On Tuesday Facebook released the results of a study on bias within and by the platform against conservative perspectives and activity on the platform. It was led by former U.S. Senator Jon Kyl (R-AZ) and his team at corporate law firm Covington & Burling LLP.
The report confirmed what many had already been experiencing firsthand in the years since social media has become central to global communications, business, governance, and interactivity – that many voices on the right felt subject to arbitrary purposefully targeted restrictions on their ability to operate freely within the terms of services of the platform.
Senator Kyl and his team interviewed a wide variety – 133 - of conservative organizations and persons in regards to their individual various experiences utilizing the platform. While the report does not address whether the concerns are valid, as an interim report it describes the primary concerns conservative persons and organizations have seen, felt, and experienced on the platform.
The report also describes some changes Facebook has made, or is in the progress of making, to attempt to promote a more fair-minded image and operation. These include a proposed independent oversight board for content moderation, a more open and usable appeals process for content decisions, greater transparency for algorithm placement methods, and increased policy change documentation.
The study comes as social media companies continue to face inquiries, risks, and potential policymaking intervention over what their now large – and some would say oversized - role in public communications and discourse and consequently business activity and even civic government.
For better or worse Facebook is here to stay. It has faced numerous challenges from business competitors who are unable to climb over its inertia and network effect, even if other social platforms – such as Discord, Snapchat, Twitter, etc. - have gained substantial and sustained user bases for more specialized interests and purposes.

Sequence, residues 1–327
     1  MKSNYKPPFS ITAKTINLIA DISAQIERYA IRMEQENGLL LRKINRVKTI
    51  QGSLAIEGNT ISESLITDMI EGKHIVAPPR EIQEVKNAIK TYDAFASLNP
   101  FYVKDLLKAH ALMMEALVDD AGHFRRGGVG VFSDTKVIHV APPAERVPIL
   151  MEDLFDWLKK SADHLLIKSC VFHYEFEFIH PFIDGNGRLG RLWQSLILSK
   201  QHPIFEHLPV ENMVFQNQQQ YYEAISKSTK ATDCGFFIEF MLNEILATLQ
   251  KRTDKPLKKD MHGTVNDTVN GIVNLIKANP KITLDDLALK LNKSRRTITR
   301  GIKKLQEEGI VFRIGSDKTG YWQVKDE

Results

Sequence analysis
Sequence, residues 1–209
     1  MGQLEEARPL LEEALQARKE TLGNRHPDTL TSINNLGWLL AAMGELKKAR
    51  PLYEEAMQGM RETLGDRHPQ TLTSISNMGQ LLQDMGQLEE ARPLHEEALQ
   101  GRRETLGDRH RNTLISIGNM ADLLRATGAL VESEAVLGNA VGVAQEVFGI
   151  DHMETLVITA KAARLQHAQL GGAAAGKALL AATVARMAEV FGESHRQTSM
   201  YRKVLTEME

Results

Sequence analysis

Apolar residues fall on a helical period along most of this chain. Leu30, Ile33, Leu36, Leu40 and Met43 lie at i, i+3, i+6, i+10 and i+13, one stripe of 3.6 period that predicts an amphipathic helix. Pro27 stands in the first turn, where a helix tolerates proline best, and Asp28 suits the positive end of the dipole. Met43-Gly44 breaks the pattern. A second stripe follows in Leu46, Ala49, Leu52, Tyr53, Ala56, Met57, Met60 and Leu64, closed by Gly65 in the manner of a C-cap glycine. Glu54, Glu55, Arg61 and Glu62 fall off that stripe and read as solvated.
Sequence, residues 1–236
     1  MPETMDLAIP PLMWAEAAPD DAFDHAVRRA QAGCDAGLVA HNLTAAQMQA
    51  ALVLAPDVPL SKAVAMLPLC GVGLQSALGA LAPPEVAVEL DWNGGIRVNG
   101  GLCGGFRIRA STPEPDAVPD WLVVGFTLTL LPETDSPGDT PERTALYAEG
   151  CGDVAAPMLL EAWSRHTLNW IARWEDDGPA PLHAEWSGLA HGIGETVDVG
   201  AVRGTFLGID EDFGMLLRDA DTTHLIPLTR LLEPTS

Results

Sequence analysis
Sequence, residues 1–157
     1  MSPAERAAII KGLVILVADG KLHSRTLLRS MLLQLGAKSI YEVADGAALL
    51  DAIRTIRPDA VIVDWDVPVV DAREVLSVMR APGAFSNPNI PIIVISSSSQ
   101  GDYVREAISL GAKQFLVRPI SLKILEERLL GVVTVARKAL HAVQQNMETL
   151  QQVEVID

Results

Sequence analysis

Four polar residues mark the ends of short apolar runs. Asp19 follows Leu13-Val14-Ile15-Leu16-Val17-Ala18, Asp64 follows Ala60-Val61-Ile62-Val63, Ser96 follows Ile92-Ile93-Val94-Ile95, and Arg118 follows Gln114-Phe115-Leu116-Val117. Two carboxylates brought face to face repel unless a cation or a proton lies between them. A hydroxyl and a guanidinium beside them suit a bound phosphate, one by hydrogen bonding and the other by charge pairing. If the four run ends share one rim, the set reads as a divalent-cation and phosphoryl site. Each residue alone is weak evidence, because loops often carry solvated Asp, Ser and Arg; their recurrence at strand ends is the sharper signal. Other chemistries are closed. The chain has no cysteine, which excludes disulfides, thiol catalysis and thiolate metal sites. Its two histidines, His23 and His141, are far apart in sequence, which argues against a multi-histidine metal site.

The American way with regulation of private industry, barring exceptional and egregious violations against the public good, has been to put some parameters on a sector’s activity while letting the sector and free market activity regulate it from then on out.
With social platforms we’ve begun to see this already take place as companies such as Facebook and Twitter, as well as other technology companies who have social operations such as Amazon, Apple, Google, etc., respond quickly to public concerns and attempt to formulate standards and “rules” that give a somewhat expectation of non-arbitrary conduct and practices.
One of the most successful examples of industry self-regulation has been the Financial Industry Regulatory Authority (FINRA) which, as a private organization and through its predecessor self-regulatory organization, has since 1939 provided the securities industry with a level of stability and enforcement but without complete government oversight, intervention, and control.
The U.S. Securities and Exchange Commission (SEC) remains active and powerful but FINRA provides the industry with informed self-regulation for many day-to-day concerns and resolves lesser issues before they rise to the level of government involvement.
This benefits the industry by allowing them to work amongst themselves, who have the best knowledge of how their companies work, while also easing the burden on the public in the form of government overhead and potentially uninformed policymaking. These self-regulatory organizations respond to the market and public demands because they know that if they ever fail in their oversight function then direct government intervention may be well on the way.
As the social platforms – now generally considered “communications services” as representative of their primary function and role – continue to find their footing with public concerns from parties all over (not just conservatives) over allegations of bad actor activity, viewpoint and other discrimination, and otherwise, we may see increased formation of such self-regulation whether formal or informal.
Self-regulation has already been taking place as these social platforms seek to better standardize their policies and practices not only within their own organizations but across the sector. The formation of a social platform self-regulatory group for these technology behemoths may be the eventual American response to their disruptive transformation of American business, government, and society over the past decade.
Amid all this we should remember we are not dealing with bad actors so much as a young industry that has grown fast and hard and in the process has inevitably clashed with many of the legacy societal boundaries and status quo that previously existed. As with many technologies, adaption and adoption is the best course of action as we seek to reap the benefits of these new services and the interconnectivity they bring while reducing the excesses and harms.
Social platforms looked very different five years ago let alone ten years ago. Five, ten years from now I expect they will be substantially different from the present too – and hopefully in even better form.
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